(4) William’s trip will put a spotlight on his father’s uneasy relationship with China and raise questions about why Charles has yet to make an official visit to the country.
(5) In short, Bamako remains uneasy, and the "sacred union" of the last few days can only be temporary.
(6) As MPs return from their summer holidays, Conservative rebellions are looming over rising rail fares, rising fuel duty and, as we report today, Tory councillors are growing increasingly uneasy over planned cuts in council tax relief which they say will hit low earners disproportionately hard in April.
(7) People wander this disconcerting garden a long time, uneasy and reflective.
(8) With a few striking exceptions, such as William Dalrymple and Philip Hensher , contemporary writers have become wary of engaging with it in all its complicated, uneasy-making richness.
(9) At the same time, approximately one-third were aware of reporting issues that needed to be addressed, including staff unfamiliarity with the regulations, concerns of confidentiality, and uneasiness about reporting in general.
(10) But Cameron said he felt uneasy that in the film Assange appears to be more concerned about the fate of people who leaked documents to WikiLeaks – an apparent reference to Chelsea Manning – rather than people whose security may have been jeopardised by the leaks.
(11) Sorry, I mean it would be the department of trade.” She gives a shrill, uneasy laugh.
(12) It is by no means a total success artistically but it has enough tension, feeling and originality of theme and speech to make the choice understandable, and the evening must have given to anyone who has wrestled with the mechanics of play-making an uneasy and yet not wasted jaunt, just as it must have awoken echoes in anyone one who has not forgotten the frustrations of youth.
(13) We are still in the midst of the uneasy period of phoney war before the cuts actually bite, but we now know what's coming: the deepest and quickest reductions in public spending since the 1920s – which, according to an under-reported quote from David Cameron , will not be reversed, even when our economic circumstances improve (2 August, at an event in Birmingham: "Should we cut things now and go back later and try and restore them later?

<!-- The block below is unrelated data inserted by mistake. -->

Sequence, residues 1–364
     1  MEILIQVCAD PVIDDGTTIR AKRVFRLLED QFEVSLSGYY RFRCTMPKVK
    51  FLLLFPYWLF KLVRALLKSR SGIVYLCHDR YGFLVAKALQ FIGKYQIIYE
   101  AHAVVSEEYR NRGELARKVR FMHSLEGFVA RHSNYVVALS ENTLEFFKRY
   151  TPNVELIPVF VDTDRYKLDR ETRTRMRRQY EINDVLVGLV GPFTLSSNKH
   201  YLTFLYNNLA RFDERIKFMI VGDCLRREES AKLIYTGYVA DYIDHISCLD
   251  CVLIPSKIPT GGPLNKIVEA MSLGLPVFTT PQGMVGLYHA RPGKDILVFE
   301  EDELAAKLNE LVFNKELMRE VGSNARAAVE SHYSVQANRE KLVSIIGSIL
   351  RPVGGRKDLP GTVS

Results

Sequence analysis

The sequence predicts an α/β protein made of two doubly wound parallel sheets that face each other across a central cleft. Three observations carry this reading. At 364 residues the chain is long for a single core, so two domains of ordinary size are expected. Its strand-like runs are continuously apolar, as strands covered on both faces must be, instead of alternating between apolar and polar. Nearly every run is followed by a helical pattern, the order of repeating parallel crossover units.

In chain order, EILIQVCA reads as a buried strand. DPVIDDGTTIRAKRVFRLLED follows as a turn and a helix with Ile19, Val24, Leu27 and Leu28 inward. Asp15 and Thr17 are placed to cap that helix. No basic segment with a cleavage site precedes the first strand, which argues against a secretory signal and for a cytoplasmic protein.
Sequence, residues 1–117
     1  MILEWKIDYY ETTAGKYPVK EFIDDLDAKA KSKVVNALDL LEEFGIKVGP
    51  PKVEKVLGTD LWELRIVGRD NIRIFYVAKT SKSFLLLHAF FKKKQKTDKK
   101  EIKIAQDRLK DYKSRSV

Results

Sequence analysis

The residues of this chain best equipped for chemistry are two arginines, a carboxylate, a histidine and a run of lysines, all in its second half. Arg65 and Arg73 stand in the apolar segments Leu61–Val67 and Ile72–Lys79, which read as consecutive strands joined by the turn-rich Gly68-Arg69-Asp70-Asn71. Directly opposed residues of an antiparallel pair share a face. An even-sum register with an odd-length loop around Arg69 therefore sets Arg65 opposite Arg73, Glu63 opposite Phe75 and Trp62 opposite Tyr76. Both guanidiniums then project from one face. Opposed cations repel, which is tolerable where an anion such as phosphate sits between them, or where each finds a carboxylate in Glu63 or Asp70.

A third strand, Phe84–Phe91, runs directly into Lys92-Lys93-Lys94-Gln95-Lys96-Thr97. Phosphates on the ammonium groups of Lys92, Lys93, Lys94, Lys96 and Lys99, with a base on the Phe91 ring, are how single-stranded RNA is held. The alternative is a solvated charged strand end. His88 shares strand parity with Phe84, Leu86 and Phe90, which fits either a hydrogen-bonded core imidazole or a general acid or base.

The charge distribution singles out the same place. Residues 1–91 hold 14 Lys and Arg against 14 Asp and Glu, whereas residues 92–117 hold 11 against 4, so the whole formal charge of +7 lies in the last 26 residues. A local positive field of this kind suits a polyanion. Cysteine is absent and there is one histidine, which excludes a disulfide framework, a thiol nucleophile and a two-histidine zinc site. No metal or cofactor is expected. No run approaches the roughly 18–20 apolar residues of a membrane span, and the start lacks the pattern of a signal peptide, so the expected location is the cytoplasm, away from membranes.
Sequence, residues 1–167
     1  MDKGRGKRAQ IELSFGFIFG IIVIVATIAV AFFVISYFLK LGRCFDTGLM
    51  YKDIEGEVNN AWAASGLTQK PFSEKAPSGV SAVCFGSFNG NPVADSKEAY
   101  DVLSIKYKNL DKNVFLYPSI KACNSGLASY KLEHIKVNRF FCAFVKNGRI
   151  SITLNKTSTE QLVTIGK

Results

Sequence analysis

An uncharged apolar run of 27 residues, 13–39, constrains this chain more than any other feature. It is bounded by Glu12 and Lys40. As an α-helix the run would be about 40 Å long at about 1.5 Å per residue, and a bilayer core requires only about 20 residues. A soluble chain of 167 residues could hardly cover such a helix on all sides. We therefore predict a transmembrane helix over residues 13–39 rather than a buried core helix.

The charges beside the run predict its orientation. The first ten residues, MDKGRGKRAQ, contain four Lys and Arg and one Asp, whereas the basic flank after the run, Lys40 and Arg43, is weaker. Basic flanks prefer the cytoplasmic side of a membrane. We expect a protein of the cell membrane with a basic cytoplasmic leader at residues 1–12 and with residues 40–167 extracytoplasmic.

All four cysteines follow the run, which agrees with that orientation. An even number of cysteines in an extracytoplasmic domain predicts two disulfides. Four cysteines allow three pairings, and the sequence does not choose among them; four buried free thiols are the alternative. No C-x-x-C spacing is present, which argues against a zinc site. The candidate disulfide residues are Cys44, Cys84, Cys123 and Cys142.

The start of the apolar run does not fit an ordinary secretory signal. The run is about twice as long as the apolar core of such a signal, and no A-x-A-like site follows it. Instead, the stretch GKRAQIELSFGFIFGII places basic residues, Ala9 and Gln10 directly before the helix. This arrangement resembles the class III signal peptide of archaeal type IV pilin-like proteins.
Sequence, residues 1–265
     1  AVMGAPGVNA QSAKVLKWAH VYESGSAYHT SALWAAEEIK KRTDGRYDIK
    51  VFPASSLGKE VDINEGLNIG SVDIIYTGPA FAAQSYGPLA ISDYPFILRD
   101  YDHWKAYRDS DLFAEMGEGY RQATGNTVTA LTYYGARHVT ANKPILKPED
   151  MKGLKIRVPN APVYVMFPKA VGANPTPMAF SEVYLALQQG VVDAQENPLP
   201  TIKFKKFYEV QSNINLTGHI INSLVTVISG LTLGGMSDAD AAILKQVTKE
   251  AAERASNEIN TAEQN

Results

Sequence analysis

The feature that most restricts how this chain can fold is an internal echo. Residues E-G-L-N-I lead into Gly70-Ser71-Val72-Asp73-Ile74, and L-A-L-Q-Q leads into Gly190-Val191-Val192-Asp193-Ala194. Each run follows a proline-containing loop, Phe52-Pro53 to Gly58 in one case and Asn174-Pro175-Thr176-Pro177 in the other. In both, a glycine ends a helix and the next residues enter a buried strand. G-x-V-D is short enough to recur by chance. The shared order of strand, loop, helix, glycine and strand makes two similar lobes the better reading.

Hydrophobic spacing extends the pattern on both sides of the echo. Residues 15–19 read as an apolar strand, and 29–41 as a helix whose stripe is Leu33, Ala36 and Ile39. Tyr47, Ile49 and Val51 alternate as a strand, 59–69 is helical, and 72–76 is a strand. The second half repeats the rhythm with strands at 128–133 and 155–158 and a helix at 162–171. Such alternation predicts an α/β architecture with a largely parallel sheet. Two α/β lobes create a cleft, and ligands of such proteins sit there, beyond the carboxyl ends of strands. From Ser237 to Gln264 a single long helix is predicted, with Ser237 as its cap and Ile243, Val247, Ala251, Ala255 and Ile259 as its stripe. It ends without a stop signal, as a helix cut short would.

(14) This was an evident need since up to now each school applied a different criterion to qualify its graduates; the resulting disparity in the scores with which graduates applied for the National calls in postgraduate training programs, general practice positions and the like, elicited uneasiness both among graduates and academic staff.
(15) We insist upon the priority of the relationship doctor-patient in the case of a chronicle affection, which is less uneasy for some and shameful for a great many.
(16) Turkish police appeared uneasy at the size of the crowd gathered near a fragile border fence and fired teargas grenades to disperse them, adding the crack of smaller explosions to the rumbling of the Isis advance.
(17) Key party members stressed they had no master plan in response to the vote, but said it could not be ignored and argued many Conservatives were uneasy about the reforms.
(18) Browne said he was "instinctively uneasy" about restricting religious freedoms, but he added there may be a case to act to protect girls who were too young to decide for themselves whether they wished to wear the veil or not.
(19) If you genuinely do distrust industrial production, if you do believe that a mass, mechanised civilisation is incompatible in some way with democracy, post-fossil fuel economy or a humane society in general – and such opinions are not rare – then you necessarily have to own up to the critique, something that the guiltily uneasy combination of hay bales and laptops found at many protest camps can make especially uncomfortable.
(20) In certain telling ways the response of the nation’s leaders to the recent market crash is emblematic of a much larger dilemma – one that sits right at the heart of China’s uneasy fusion of communism and free-market economics, a system with little precedent and no operating manual.